abstract = "Background: Primary respiratory syncytial virus (RSV) infections are characterized by high levels of IL-8 and an intense neutrophilia. Little is known about the cytokine responses in secondary infections. Preschool children experiencing RSV secondary infections were recruited from the siblings of infants admitted to hospital with RSV acute bronchiolitis.Methods: Fifty-one infants with acute bronchiolitis (39 RSV positive, 12 RSV negative) and 20 age-matched control infants were recruited. In addition, seven older siblings of infants from the RSV-positive cohort and confirmed RSV infection were recruited. Samples of nasal secretions were obtained using a flocked swab, and secretions extracted using centrifugation. Cytokine bead array was used to obtain levels of interleukin (IL)-17A, IL-8, IL-6, IL-21, and tumor necrosis factor-a.Results: Levels of IL-8 and IL-6 were significantly lower in the RSV-positive siblings compared with the RSV-positive infants. There were no significant differences between levels of the other cytokines in the primary and secondary infections.Conclusion: The very high levels of IL-8 and IL-6 response characteristic of the primary RSV infection was not observed in secondary RSV-positive infections and this did not appear to be due to a global reduction in cytokine production.",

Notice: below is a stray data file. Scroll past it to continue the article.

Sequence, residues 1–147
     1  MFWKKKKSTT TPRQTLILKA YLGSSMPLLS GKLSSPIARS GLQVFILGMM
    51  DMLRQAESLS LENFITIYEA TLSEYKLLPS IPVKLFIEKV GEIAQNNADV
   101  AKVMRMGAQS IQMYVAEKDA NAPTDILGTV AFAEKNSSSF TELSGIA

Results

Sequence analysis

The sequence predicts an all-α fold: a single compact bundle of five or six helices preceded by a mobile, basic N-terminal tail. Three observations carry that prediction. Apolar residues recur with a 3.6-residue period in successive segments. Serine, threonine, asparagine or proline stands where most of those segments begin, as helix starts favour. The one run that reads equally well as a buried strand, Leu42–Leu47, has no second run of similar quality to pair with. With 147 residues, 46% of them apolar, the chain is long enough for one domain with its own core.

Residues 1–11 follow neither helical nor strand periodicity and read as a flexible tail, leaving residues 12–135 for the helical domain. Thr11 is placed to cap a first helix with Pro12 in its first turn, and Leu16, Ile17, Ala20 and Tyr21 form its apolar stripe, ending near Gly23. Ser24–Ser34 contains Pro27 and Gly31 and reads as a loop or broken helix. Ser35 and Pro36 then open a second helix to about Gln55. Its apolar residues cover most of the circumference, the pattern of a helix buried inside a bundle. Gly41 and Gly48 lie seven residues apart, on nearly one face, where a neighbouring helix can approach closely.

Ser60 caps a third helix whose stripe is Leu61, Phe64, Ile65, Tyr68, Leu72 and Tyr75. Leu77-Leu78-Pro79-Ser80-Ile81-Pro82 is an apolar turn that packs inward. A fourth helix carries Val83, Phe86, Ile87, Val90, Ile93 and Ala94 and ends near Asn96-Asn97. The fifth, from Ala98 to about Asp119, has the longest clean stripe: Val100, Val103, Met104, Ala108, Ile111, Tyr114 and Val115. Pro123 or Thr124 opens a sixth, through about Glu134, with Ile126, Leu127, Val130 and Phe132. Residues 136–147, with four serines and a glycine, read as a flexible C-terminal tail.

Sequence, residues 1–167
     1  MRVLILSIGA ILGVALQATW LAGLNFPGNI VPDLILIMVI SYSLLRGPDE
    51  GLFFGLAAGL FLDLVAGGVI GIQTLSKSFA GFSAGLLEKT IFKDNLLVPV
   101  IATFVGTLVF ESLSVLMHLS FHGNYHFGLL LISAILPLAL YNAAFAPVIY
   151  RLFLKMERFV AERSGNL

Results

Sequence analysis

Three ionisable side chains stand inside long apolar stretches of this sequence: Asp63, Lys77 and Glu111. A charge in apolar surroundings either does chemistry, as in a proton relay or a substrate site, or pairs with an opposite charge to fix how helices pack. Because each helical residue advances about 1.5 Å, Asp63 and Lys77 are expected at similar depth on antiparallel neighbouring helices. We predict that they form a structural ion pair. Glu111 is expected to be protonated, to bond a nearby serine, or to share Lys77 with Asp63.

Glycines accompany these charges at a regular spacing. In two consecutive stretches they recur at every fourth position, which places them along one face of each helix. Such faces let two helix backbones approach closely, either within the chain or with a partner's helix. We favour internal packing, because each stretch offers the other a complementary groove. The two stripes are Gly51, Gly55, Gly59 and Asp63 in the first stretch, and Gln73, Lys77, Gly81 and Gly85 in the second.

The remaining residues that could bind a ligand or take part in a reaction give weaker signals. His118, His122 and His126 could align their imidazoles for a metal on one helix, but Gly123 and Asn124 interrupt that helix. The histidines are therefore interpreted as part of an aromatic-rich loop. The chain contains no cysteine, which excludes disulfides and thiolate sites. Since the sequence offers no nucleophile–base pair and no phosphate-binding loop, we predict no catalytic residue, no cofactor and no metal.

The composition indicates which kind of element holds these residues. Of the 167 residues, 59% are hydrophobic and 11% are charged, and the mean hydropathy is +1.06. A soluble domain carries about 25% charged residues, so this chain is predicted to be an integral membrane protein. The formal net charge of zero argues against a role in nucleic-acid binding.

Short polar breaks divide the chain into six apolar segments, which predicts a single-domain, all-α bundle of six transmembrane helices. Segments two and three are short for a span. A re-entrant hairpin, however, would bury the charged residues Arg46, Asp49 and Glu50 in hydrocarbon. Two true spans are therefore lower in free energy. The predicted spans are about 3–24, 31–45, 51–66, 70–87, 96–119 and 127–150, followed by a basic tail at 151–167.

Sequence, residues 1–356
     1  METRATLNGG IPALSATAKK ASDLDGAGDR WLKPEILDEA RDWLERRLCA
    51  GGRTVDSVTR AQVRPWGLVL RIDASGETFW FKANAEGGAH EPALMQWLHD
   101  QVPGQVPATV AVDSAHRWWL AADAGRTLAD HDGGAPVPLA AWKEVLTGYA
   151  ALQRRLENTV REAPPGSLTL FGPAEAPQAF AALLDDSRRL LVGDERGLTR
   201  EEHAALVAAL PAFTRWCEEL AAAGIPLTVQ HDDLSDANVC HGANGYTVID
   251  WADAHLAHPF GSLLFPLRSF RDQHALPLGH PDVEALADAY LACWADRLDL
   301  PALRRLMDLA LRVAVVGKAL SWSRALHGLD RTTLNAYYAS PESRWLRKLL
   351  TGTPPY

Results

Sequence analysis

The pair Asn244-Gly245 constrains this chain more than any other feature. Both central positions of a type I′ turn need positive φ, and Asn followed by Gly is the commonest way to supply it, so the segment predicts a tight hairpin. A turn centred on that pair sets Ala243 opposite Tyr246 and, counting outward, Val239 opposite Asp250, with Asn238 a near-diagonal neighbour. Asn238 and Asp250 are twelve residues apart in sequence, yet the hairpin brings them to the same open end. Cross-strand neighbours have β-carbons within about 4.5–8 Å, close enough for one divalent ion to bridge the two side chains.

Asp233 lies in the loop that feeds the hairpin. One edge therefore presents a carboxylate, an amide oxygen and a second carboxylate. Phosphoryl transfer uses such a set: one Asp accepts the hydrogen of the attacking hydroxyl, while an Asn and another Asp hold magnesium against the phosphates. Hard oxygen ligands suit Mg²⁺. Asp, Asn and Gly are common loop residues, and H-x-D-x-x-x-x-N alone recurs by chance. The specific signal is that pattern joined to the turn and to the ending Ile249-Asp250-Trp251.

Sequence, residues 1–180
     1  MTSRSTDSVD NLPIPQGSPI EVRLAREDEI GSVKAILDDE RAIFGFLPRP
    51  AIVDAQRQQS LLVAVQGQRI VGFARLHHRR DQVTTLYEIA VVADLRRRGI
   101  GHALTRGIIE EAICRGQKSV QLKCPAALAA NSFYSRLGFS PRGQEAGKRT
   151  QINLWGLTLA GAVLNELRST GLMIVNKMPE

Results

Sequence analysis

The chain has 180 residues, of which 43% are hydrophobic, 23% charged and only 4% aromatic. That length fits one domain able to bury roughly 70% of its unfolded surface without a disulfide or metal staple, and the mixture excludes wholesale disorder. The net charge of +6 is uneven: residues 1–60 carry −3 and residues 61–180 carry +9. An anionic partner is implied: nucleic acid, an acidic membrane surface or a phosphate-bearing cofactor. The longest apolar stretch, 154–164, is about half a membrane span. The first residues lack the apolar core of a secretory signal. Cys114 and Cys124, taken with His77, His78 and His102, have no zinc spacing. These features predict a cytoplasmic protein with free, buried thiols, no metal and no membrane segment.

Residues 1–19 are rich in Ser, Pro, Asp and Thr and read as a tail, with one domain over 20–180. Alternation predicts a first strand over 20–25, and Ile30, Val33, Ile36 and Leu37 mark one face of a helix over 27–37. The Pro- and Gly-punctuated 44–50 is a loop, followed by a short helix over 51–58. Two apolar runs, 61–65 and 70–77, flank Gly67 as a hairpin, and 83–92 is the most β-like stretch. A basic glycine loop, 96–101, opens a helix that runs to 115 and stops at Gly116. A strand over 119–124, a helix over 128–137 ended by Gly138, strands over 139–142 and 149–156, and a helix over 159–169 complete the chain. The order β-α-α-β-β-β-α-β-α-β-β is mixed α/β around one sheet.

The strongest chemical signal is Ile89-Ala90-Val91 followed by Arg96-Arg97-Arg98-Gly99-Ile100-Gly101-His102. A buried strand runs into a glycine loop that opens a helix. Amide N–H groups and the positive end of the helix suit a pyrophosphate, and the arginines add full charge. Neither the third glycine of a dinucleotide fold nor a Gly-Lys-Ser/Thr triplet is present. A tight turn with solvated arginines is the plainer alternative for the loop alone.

author = "K. Ugonna and K. Douros and Bingle, {C. D. D.} and Everard, {Mark L.}",
    year = "2016",
    doi = "10.1038/pr.2016.29",
    language = "English",
    volume = "79",
    pages = "946--950",
    journal = "Pediatric Research: international journal of human developmental biology",
    issn = "0031-3998",
    publisher = "INT PEDIATRIC RESEARCH FOUNDATION, INC",
    number = "6",

    }

    Cytokine responses in primary and secondary respiratory syncytial virus infections. / Ugonna, K.; Douros, K.; Bingle, C. D. D.; Everard, Mark L.

    In: Pediatric Research, Vol. 79, No. 6, 2016, p. 946-950.

    Research output: Contribution to journalArticle

    TY - JOUR

    T1 - Cytokine responses in primary and secondary respiratory syncytial virus infections

    AU - Ugonna, K.

    AU - Douros, K.

    AU - Bingle, C. D. D.

    AU - Everard, Mark L.

    PY - 2016

    Y1 - 2016